Dear SCH Community,
Back in September, I gave students a little homework: “One: Think about a time when you took a chance, such as saying hi to someone new or trying a new food. How did the chance make you feel? Scared? Excited? Worried? Two: Ask a friend, parent, or relative about a time they took a chance. Talk about what you do when you see someone who takes a risk and falls down. How do you encourage them? How do you intervene if others laugh? Three: Be a chance hunter! Seek out chances—ones that allow you to grow, ones that create a sense of wonder and add meaning to your life.”
My homework had been spun out of Kobi Yamada’s picture book What Do You Do With a Chance? In it, a relatable character discovers a chance one day. But he lets it go because he isn’t sure about it. The chance comes around again. He takes it this time but falls and feels embarrassed. As a result, he is too scared to take another chance because he doesn't want to feel that way again. After realizing he’s missing out by not taking chances, something amazing occurs: He lets go of his fear and takes a chance which leads to something new and wonderful.
In this edition of SCHool, we highlight SCH “chance takers,” an apt phrase. One of them is Jessie Jane Lewis (1947-2011), a 1965 graduate of Springside School who, after developing multiple sclerosis, became a disabilities advocate and change maker. The Barbara Crawford Gallery 2022 fall exhibition, Chronic Creativity Art + Activism, featured her work. Students engaged in incredible discussions about Jessie's profound impact, particularly concerning polling place accessibility.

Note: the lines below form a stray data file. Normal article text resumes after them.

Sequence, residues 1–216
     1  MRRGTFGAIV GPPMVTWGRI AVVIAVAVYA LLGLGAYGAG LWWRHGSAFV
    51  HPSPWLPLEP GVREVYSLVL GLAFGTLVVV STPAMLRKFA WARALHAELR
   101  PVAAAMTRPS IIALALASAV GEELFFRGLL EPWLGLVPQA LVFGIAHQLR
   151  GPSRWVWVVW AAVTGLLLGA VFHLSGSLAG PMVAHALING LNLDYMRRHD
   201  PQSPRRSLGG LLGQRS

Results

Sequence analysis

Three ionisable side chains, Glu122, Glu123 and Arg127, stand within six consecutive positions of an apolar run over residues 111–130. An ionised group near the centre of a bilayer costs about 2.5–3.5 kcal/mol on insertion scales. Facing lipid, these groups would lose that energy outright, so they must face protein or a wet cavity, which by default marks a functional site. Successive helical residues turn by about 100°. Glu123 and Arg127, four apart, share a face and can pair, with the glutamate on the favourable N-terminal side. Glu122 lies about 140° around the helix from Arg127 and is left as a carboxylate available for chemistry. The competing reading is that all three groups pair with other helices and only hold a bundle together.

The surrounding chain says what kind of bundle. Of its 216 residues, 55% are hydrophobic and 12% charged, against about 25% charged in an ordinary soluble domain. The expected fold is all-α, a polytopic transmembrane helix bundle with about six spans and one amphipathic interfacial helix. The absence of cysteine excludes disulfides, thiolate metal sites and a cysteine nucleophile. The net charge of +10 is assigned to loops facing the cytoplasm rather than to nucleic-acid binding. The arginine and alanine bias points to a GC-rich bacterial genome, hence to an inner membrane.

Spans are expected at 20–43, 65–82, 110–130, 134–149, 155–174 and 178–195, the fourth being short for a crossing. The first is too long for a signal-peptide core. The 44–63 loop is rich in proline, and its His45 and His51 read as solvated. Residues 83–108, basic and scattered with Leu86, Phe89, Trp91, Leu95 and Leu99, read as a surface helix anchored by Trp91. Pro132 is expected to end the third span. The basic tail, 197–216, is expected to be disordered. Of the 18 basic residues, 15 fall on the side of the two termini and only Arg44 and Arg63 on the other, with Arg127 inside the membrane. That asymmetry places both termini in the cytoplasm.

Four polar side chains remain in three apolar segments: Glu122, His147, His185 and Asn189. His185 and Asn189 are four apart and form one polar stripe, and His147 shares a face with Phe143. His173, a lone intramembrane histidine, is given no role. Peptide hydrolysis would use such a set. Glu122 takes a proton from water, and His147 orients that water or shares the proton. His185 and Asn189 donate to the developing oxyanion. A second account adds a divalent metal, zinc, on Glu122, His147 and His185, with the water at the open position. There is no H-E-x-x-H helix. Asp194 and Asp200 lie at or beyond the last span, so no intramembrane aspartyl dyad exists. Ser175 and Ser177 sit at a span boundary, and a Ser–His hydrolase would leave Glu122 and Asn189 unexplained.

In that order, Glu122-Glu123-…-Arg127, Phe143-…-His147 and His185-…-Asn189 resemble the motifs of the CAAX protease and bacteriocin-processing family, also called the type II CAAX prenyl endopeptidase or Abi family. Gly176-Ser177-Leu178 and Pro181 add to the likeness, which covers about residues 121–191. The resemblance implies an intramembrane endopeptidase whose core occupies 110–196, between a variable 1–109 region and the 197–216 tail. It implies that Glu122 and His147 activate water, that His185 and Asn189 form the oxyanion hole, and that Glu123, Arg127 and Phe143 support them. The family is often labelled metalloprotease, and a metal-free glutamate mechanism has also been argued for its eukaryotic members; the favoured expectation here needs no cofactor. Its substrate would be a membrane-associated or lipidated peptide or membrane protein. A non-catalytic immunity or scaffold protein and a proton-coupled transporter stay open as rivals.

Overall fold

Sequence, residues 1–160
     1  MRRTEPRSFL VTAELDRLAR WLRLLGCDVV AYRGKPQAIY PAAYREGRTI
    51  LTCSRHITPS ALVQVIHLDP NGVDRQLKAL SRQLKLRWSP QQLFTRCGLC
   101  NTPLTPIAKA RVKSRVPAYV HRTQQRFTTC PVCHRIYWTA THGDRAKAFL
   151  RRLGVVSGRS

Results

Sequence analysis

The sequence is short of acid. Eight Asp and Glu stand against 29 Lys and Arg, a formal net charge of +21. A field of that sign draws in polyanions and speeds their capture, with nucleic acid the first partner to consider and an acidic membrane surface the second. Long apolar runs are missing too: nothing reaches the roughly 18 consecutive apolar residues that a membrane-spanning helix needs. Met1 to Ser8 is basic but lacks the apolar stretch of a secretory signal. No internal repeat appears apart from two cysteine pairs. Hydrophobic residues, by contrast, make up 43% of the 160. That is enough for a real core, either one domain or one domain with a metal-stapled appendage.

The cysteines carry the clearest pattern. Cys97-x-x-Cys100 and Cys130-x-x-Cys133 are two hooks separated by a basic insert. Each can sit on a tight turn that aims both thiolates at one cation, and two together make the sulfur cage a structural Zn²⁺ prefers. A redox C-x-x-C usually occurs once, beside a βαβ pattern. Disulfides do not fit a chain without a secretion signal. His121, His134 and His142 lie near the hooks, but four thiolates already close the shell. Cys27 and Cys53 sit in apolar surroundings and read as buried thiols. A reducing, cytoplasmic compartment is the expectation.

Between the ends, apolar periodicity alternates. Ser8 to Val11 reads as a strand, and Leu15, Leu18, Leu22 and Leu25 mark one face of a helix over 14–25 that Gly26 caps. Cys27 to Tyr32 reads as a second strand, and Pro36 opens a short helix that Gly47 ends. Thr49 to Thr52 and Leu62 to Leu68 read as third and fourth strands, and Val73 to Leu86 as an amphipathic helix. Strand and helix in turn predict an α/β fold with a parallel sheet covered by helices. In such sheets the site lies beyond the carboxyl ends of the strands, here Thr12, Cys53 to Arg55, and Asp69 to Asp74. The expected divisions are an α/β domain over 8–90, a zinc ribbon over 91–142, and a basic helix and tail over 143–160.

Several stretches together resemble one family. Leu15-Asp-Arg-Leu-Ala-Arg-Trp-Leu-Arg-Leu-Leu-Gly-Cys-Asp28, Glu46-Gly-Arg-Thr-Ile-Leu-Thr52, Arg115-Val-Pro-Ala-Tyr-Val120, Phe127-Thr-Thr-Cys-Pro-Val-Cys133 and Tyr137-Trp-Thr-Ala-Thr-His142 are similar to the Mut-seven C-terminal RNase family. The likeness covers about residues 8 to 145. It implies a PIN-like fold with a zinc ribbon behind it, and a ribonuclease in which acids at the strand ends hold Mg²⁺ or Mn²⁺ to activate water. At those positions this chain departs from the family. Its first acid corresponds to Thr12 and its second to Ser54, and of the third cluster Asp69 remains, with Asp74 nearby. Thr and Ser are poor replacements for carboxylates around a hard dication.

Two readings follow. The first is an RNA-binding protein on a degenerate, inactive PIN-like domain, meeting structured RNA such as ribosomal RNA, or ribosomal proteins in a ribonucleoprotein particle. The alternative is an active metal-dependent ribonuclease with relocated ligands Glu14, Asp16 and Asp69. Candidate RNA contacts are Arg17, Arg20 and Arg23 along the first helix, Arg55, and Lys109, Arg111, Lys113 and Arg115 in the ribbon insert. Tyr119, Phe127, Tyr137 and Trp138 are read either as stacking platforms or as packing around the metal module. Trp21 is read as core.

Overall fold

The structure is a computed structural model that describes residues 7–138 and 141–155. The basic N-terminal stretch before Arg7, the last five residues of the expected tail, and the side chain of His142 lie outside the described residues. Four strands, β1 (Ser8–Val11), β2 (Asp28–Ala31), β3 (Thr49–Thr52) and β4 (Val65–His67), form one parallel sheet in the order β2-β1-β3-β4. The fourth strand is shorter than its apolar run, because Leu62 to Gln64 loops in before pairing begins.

Other enterprising individuals featured in this edition demonstrate a powerful antidote to business as usual: commitment to something worthwhile but whose outcome is yet known. For many, taking chances can be not only challenging but outright frightening. Often risk-taking and success are placed in opposition to each other. What is the risk in taking a risk, and what is the risk in not? I suppose we call this opportunity cost in economics! Holding back can make us miss out on amazing, even exciting and beautiful, opportunities that help us become our best selves. Sometimes we need a little encouragement to be courageous in the face of fear. Playing it safe is so endemic to how most live that chance-taking is, in a sense, counter-cultural.
Read about what fires these chance-takers. In these pages will be wonderings and wanderings, edges and ledges, borders and breakthroughs. A defining characteristic of these chance takers is an entrepreneurial spirit. As you take in their stories, search your mind for a chance that invents your next leap. Join me as I join them as not only a chance taker, but also a chance leader, chance chaser, and chance maker poised to drive our school unmistakably forward.